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A White Man’s Voice: The Role of the Privileged Actor

By Ian D. Svetkey, Crimson Opinion Writer

When I was looking through courses this semester, I noticed that the professor of a class about narratives of individuals who were enslaved was a white man. That didn’t sit right with me. Why would a class about stories integral to Black culture be taught by someone with no lived experience in that culture?

I’ll back up a little bit. As a straight, cisgender, white man from an upper-middle-class family, I come from an awful lot of privilege. I know how easy it is to unintentionally overlook bigotry because it doesn’t constantly exert a force on my life. I’ve felt the effects of discrimination through my friends and my mom, who works as a lawyer, while my dad stays home — but that’s not remotely the same. And as someone with not just one, but many forms of privilege, I haven’t had any experience with oppression that might help me empathize with others’ struggles. I simply have no rubric.

This lack of lived experience means I have to be careful when talking about injustice. I can, and should, educate myself on the topic — oppressed people shouldn’t bear the sole responsibility of teaching others about their trauma. But there’s a difference between forcing the burden of education on victims and understanding that a story rooted in group history and experience can only be truly told by someone within that group.

So regardless of how qualified white professors are, I really don’t think they should be teaching classes explicitly focused on the experiences of other racial or ethnic groups. Of course, these topics need to be taught, and at a less-well-funded school, a white teacher might be the only person available. But Harvard has the resources to hire whomever they like, so it’s concerning that 79 percent of tenured professors are white, 57 percent are white men, and only 4 percent are Black. Yale and Princeton, among others, have similar demographics, but that should not be used to diffuse responsibility. Something is deeply broken.

Harvard should hire more minority faculty in every department — diverse scholars shouldn’t be pigeonholed into studying only their own cultural history. But in fields focused on group culture, there’s no excuse for underrepresentation. While there are certainly esteemed Black professors in the Department of African and African American Studies, there are not nearly enough. And that’s not for lack of demand — students have been pushing for an expanded ethnic studies program for years.

Why such reticence to make meaningful change? One reason is that this change requires privileged individuals to fight against their own privilege. And that’s hard, because privilege offers a powerful feeling of superiority — a feeling strong enough to cause people to sometimes betray solidarity even when it would be in their economic interest. Poor white Southerners, for instance, refused to join Black sharecroppers after the Civil War to fight the plantation aristocracy, because they didn’t want to let go of the emotional safety net of white supremacy. Fear of ostracization offers another impetus to stay silent — for example, men who stand up for women’s rights are often attacked by other men. And hearing marginalized people speak up can feel like injustice for those accustomed to their stories being the only ones told. That’s why white racists scream “reverse racism,” and transphobes cry for the rights of the “super-straights.”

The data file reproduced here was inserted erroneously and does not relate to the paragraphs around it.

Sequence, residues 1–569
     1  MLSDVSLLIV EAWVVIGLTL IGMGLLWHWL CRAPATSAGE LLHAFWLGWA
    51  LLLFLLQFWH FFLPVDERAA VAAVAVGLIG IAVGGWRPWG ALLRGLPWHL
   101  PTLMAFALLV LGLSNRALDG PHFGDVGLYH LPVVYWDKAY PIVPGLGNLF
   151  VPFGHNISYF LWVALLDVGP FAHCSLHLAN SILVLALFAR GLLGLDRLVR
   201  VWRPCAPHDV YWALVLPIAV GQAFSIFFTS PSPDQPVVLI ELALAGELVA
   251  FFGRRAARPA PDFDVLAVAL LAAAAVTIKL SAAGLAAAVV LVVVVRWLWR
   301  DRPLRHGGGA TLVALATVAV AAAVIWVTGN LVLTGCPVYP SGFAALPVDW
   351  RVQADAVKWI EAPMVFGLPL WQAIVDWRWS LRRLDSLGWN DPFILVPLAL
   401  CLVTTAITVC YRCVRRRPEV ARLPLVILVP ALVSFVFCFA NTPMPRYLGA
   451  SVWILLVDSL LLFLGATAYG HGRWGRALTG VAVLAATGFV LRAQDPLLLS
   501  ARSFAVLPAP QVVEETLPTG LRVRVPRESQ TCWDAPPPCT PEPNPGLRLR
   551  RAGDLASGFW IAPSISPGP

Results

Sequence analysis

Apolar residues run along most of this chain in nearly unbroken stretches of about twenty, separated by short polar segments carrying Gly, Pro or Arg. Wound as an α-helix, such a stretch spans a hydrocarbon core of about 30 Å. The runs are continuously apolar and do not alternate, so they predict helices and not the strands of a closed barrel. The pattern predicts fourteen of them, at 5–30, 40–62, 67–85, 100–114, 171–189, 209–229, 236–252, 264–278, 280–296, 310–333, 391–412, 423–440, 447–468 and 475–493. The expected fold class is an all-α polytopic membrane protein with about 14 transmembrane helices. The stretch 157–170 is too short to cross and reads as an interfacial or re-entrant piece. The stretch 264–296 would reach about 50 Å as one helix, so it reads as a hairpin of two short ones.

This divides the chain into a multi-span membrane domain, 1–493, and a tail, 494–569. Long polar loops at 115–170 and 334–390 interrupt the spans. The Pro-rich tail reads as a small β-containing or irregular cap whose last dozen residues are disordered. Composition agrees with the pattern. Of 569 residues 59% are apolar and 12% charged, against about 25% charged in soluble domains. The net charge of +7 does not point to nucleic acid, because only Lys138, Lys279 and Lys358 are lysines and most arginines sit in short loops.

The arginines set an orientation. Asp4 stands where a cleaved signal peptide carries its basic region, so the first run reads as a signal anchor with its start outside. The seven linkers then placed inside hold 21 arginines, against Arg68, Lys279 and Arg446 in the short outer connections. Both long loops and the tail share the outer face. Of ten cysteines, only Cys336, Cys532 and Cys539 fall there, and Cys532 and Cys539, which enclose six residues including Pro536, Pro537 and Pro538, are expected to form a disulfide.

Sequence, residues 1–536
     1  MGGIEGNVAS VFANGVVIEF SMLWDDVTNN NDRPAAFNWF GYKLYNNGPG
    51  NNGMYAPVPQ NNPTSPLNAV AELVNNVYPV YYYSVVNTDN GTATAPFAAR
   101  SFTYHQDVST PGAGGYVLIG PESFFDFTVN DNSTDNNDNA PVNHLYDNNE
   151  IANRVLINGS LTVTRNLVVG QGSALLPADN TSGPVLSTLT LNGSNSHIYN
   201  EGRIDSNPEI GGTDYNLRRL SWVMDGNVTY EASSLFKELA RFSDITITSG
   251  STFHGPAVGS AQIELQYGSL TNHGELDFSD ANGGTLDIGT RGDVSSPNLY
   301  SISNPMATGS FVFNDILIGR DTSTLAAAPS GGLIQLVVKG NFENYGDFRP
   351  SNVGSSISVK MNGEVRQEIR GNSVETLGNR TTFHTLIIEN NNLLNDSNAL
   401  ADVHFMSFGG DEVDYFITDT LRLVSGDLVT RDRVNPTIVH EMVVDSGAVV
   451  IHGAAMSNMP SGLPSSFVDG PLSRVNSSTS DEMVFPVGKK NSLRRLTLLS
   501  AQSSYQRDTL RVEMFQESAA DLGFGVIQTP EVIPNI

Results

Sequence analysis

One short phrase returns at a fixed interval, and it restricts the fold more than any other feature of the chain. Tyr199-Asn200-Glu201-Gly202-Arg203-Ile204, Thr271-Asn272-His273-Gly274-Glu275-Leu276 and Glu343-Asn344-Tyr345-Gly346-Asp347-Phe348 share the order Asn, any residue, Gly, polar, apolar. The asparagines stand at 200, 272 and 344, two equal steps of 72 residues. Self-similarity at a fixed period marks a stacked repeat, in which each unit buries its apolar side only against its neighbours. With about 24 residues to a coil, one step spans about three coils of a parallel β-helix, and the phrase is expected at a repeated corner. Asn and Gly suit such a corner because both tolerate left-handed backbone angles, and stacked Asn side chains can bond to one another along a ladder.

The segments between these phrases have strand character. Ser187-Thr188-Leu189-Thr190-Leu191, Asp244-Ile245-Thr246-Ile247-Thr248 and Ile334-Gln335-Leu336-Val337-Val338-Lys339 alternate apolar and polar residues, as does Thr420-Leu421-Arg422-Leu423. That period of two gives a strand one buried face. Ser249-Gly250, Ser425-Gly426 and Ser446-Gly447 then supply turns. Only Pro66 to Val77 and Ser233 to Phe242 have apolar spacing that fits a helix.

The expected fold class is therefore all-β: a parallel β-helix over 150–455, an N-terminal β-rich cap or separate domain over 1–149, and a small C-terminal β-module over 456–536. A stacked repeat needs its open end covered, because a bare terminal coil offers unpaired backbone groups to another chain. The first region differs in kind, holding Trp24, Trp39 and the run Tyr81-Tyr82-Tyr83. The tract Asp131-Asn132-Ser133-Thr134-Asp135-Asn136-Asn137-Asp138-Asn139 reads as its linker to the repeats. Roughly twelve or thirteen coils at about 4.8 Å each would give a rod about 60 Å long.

Whether I like it or not, my privilege gives me a platform, and I have a responsibility to use it, because silence promotes the status quo. As I understand it, I should amplify others’ stories, express my opposition to discrimination, and share my experience when appropriate. It’s a cop-out to argue that I shouldn’t say anything because my perspective isn’t as relevant as the one of the person who’s experiencing discrimination; telling my story isn’t mutually exclusive with listening as long as I’m respectful. I just need to make sure I stay open to constructive criticism — I have no experience with the other side of the power dynamic, so criticism could easily be rightful.

Of course, being an ally does not absolve me of privilege — I know that I’m still capable of accidentally hurting people, and judgment for going against the grain is not the same as being seen as subhuman. I’m also aware that I shouldn’t congratulate myself for standing up — applauding allies for decrying bigotry, while not doing the same for marginalized people, is itself a subtle form of discrimination. I shouldn’t be rewarded twice as much for working half as hard.

I’m sure the white professors teaching about Black history are knowledgeable. But that doesn’t mean they should be the ones teaching those classes. As someone who’s never faced discrimination, I ask those in my position to understand our shared lack of experience, and therefore to be more cognizant of when to talk and when to shut up — even when it’s easy to keep talking. Because the only people who can truly understand prejudice are those who have been on the wrong side of it.

There are many things I can and should do with the platform my privilege affords me. Telling someone else’s story for them is not one of those things.

Ian D. Svetkey ’25, a Crimson Editorial editor, lives in Hurlbut Hall.

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